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“Am I about to hire James Bond or Johnny English?...”

Have you hire James Bond or Johnny English?
The title of this blog is what a VP of Sales said to me just before approving an offer letter!
In reality it’s 3 to 6 months before you know if the person you’ve hired or promoted is the right one and is performing as expected.
Is time really the only option to find this out?
Isn't there a way to have more insight into someone before an offer is made?

There is a challenge – especially in sales, where leaders are looking to hire James Bond, but often end up with Johnny English.

OK, I'm not talking about you hiring or promoting the contacts in your little black book. The ones, which you know of old and are the first you call upon. The situation is when you’ve exhausted your network and those around you, and you’re fishing in the open seas of potential talent.

Your hiring scenario probably resembles something like this…
  1. You NEED “Bond… James Bond”, or a team of ‘Double O agents’ to help realise your goals, targets and mission

  2. You create a job description, which likely resembles a bunch of cut and pasted experience requirements interlaced with some generic responsibilities and educational standards

  3. You post said job description on the web

  4. You or your recruiters trawl Linked In, etc. in search of Bond

  5. Someone with a profile that resembles his applies, or you and your recruiters find a profile that looks like Bond’s

  6. Their CV/ resume also reads like his

  7. The candidate interviews and presents themselves like Bond

  8. Their references seem to infer they’re Bond-like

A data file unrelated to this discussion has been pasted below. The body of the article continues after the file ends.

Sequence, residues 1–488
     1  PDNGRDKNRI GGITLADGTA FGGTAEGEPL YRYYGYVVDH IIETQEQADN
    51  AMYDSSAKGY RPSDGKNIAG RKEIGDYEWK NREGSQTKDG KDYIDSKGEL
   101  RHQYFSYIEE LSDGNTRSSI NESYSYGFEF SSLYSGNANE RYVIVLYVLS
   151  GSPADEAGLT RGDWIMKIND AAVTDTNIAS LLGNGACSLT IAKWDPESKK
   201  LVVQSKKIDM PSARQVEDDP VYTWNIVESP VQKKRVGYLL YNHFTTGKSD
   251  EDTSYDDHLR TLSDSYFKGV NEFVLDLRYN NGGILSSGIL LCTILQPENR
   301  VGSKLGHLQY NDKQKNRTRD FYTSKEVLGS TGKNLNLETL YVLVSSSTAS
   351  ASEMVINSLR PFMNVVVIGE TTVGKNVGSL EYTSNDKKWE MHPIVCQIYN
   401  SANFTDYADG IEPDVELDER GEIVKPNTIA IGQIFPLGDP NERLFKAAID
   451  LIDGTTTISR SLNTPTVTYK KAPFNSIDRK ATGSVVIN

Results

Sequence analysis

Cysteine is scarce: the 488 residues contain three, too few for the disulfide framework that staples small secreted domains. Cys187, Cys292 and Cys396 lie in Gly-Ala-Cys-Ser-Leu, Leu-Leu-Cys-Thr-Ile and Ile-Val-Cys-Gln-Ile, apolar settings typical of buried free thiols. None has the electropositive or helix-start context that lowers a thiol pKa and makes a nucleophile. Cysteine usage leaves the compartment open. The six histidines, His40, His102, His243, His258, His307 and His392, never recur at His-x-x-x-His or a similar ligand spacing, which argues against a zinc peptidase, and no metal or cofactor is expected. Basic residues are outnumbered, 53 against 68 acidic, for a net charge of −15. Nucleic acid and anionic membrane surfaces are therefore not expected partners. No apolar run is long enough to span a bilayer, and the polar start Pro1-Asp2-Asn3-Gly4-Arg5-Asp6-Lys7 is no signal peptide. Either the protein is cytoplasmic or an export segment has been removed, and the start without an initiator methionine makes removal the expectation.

9. You make them an offer

  10. They haggle with you

  11. You hire them

3 – 6 months pass, and you realise you’ve not hired James Bond, but the reality is more like Johnny English. Likeable but inept.

Amongst other things, this leaves you with…

  • Less time to achieve your goals/ targets or mission

  • The rigmarole of having to repeat this process, albeit now, much more quickly, as time and targets wait for no one

  • An idea of what great doesn’t look like, but only after it's too late

If you’ve read this far, then I presume there is more than a germ of truth in this scenario.

So, how do you get upstream of the problem?

A philosopher once said, “The beginning of wisdom, is the definition of terms.”

What this means is you stand a much better chance of increasing your odds of hiring a Double O agent, you need to accurately define how James Bond actually operates AND compare candidates to that. This is all before you get to the point of making them an offer. Let me explain further...

Explanation - Chances are the person you had to ‘let go’ (lets call them Johnny), on paper and in the interview were a great fit.

The reason they didn’t cut it? Is likely the way they actually went about things was quite different to what they said.

Likely their attitude; persistence; intensity; pace and how they applied themselves to the situation.

But what you looking for though was more likely someone who is driven self-directed; controlled in how they work; opportunistic; inquisitive; empathetic and assertive.

The above behaviours and others are relatively easy things to describe, but it's really difficult to identify these in a short space of time i.e. during an interview process.

Until now!

"This is all very interesting", I hear you say, but what do you do now?

From experience, you have three choices:

a) You Keep Calm and Carry On doing what you've been doing, assuming it’s giving the results you need?

b) DIY - You describe, define and identifying the must-have behaviours and skills of top performers, AND do your best to identify these in candidates. All BEFORE hiring them.

c) Or…get in contact with us and we'll arm and educate you on dramatically increasing your ability to find James Bond.

We help companies increase their chances of hiring or promoting James Bond whilst avoiding Johnny English. This doesn’t involve a poison-filled pen, an ejector seat or an underwater jetpack...but what I can do has been described as developing an in-house equivalent of ‘Q Branch’.


What happened to Johnny English?

He's fine, but in this scenario Johnny’s just not a good fit. Chances are, he has a more natural inclination as a consultant or subject matter expert, which is another fascinating topic. As the world and expectation of selling is changing.

Watch this space for that article.

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